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Hunter Mahan leads weather hit first round

Hunter Mahan raced to 7-under par and the early lead as Thursday’s opening day of the Cadillac Championship was curtailed by powerful winds that toppled television towers and Doral’s giant scoreboard.

Mahan birdied his opening four holes and kept right on rolling until the storm-delayed opening round was suspended by darkness. He didn’t miss a green or come close to a bogey in 11 holes.

Mahan, the only American winner in the last five World Golf Championships, didn’t get much attention in a tournament that tried to drum up some drama by grouping players by their world ranking.

The biggest crowd belonged to Tiger Woods and Phil Mickelson in a rare weekday pairing, with Graeme McDowell along for the ride. They scrapped their way around Doral without challenging the leaders—Mickelson at 2 under, with Woods and McDowell another shot back through 15 holes.

The top three players did a better job living up to their billing.

Martin Kaymer, in his second week as the new No. 1, opened with three straight birdies and was at 5 under through 10 holes. Match Play winner Luke Donald (No. 3) joined him with a birdie on the 10th hole, while Lee Westwood (No. 2) was another shot behind.

Mahan went out in 30 on the back nine, which included birdie putts of 35 and 40 feet.

At 7 under, he was two shots clear of Charley Hoffman, who had a 5-under 67 and was among nine players in the 66-man field who were able to finish the round.

Among those at 5 under with still more golf to play in the first round were 19-year-old Ryo Ishikawa of Japan and 48-year-old Vijay Singh, who only got into this tournament last week. Nick Watney and Matt Kuchar also were at 5 under.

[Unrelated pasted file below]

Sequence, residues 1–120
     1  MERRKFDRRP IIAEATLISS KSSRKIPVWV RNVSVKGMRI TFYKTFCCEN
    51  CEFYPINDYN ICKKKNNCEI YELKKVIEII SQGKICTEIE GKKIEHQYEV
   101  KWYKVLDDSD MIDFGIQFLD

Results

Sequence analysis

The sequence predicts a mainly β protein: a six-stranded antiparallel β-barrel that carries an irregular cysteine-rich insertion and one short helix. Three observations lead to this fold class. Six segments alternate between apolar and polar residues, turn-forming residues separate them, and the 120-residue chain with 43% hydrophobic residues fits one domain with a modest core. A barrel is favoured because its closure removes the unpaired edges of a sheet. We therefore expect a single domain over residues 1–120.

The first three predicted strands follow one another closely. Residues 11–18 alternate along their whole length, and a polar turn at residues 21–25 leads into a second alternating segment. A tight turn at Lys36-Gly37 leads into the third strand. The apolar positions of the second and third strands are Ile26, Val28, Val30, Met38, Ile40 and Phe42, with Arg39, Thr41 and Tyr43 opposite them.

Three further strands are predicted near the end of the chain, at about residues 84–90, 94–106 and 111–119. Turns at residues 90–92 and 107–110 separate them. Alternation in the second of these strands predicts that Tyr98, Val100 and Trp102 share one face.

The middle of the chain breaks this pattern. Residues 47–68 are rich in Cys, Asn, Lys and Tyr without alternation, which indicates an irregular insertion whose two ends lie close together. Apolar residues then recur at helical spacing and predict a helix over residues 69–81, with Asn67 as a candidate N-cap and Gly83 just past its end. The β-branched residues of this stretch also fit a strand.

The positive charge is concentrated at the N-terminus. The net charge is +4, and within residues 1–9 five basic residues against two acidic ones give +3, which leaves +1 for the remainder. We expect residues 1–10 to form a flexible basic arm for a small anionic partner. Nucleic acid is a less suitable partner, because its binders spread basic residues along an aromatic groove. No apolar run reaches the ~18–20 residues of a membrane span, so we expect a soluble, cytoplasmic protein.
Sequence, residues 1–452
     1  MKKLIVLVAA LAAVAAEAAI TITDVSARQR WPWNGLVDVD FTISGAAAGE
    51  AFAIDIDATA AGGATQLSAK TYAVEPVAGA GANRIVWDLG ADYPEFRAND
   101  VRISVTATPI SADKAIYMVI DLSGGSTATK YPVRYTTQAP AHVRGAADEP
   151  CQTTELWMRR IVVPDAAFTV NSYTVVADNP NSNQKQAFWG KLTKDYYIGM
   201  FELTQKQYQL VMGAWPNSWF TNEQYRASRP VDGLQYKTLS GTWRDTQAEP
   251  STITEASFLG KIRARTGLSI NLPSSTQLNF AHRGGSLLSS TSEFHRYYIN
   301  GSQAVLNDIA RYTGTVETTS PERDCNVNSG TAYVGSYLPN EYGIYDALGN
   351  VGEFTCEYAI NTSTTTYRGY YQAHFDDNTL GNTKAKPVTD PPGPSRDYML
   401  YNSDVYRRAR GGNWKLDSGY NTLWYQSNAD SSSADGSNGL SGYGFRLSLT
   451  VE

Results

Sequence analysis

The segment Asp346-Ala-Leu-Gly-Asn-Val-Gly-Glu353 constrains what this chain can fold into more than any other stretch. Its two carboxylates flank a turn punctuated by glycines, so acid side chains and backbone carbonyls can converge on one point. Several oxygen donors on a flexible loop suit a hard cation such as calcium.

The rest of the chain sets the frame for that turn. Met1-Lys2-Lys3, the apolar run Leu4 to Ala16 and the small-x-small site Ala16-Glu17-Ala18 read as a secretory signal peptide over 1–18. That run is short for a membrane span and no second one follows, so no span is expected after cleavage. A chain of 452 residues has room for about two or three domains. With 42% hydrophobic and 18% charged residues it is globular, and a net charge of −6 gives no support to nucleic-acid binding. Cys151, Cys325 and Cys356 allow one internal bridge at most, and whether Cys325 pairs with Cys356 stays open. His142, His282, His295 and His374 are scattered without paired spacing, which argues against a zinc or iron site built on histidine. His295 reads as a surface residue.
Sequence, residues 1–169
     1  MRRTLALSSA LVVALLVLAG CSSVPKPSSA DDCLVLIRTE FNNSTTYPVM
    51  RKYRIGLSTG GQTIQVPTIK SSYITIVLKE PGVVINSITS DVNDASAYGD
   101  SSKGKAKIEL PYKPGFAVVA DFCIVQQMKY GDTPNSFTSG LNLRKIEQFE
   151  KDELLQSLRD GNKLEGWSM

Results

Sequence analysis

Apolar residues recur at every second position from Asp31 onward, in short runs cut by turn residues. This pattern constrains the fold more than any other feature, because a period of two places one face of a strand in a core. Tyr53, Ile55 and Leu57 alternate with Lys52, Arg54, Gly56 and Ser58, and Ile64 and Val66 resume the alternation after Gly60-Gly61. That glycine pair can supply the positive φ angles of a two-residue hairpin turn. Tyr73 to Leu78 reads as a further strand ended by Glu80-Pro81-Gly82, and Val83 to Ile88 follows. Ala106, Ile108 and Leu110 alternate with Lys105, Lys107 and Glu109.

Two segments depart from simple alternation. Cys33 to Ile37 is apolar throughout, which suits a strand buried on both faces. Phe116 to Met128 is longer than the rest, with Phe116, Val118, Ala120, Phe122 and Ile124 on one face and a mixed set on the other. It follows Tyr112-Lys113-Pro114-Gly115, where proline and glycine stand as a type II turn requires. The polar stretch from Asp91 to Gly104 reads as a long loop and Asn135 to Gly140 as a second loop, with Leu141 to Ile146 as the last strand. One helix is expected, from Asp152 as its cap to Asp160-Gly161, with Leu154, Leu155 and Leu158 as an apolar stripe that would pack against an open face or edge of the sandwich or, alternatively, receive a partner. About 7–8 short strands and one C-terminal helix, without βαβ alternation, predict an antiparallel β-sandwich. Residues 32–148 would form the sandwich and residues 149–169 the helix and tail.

“I guess with that storm, it brought tranquility to the golf course,” Mahan said.

It was chaotic for an hour. Woods and Mickelson were on their way to the 10th tee to start the round when dark clouds gathered and the siren sounded to stop play. Players on the course were brought into the clubhouse, and that’s when the action began.

Gusts that reached 83 kph (52 mph) knocked down the large, manual scoreboard — a traditional fixture at Doral beyond the lake to the left of the 18th green— and left it in pieces. A stationary camera in a TV tower behind the ninth green captured video of another TV tower behind the eighth green crashing down into a bunker. The tower where it was stationed was blown over backward into a pond, with the camera going to the bottom. Divers had to retrieve it.

No one was injured, and while 17 newly planted palm trees were uprooted, the course was fine.

For Mahan and so many others, it was better than that.

“The course is in perfect shape,” Mahan said. “Good players and a good golf course and benign conditions, you’re going to have some good scores.”

But the largest gallery sure didn’t see great golf.

Woods missed five birdie putts inside 15 feet on his front nine as he made the turn in 37, and didn’t look as if he was making much progress. On the par-5 12th, he snap-hooked a tee shot so badly it nearly went into a water hazard that not many people even knew existed. Even so, he kept himself out of big trouble, and finally got into the game with a pair of birdies before play was suspended.

Mickelson started out sharply, with a massive tee shot on the 12th that led to his second birdie. He struggled to maintain the momentum, however, and had to make a late birdie to stay one shot clear of Woods.

“We didn’t play our best, but we didn’t play terrible,” Mickelson said. “We’re in good position tomorrow to come back out, finish the round strong and play our second round.”

D.A. Points shot a 68. Thomas Bjorn, who beat Woods in the first round of Match Play, finished off a 71.

Rory Sabbatini was in the mood to celebrate despite opening with a 74. He was so desperate to finish his round that he ran up to the eighth green to putt out while his playing partners remained in the fairway. Then he raced to the ninth tee, and as the group ahead was walking to the par-3 green, Sabbatini hit his tee shot.

The horn sounded to stop play a few minutes later. When play is suspended by darkness, players have the option to finish the hole. Because Sabbatini already had teed off on the ninth, the rest of the group was able to finish the round.

Scores

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